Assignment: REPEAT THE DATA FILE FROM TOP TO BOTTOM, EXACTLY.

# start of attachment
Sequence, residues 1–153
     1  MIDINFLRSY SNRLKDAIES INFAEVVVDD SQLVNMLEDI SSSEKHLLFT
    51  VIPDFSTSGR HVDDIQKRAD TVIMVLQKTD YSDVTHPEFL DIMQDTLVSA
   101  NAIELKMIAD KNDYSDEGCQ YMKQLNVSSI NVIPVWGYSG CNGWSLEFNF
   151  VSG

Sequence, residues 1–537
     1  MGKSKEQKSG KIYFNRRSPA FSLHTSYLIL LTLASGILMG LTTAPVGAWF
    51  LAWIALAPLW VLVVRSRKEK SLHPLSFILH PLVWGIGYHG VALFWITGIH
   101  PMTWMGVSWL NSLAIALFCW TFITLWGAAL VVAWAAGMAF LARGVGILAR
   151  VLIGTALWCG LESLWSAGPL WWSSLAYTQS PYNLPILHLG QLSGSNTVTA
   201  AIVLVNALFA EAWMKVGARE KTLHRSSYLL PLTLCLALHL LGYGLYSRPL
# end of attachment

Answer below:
Sequence, residues 1–153
     1  MIDINFLRSY SNRLKDAIES INFAEVVVDD SQLVNMLEDI SSSEKHLLFT
    51  VIPDFSTSGR HVDDIQKRAD TVIMVLQKTD YSDVTHPEFL DIMQDTLVSA
   101  NAIELKMIAD KNDYSDEGCQ YMKQLNVSSI NVIPVWGYSG CNGWSLEFNF
   151  VSG

Sequence, residues 1–537
     1  MGKSKEQKSG KIYFNRRSPA FSLHTSYLIL LTLASGILMG LTTAPVGAWF
    51  LAWIALAPLW VLVVRSRKEK SLHPLSFILH PLVWGIGYHG VALFWITGIH
   101  PMTWMGVSWL NSLAIALFCW TFITLWGAAL VVAWAAGMAF LARGVGILAR
   151  VLIGTALWCG LESLWSAGPL WWSSLAYTQS PYNLPILHLG QLSGSNTVTA
   201  AIVLVNALFA EAWMKVGARE KTLHRSSYLL PLTLCLALHL LGYGLYSRPL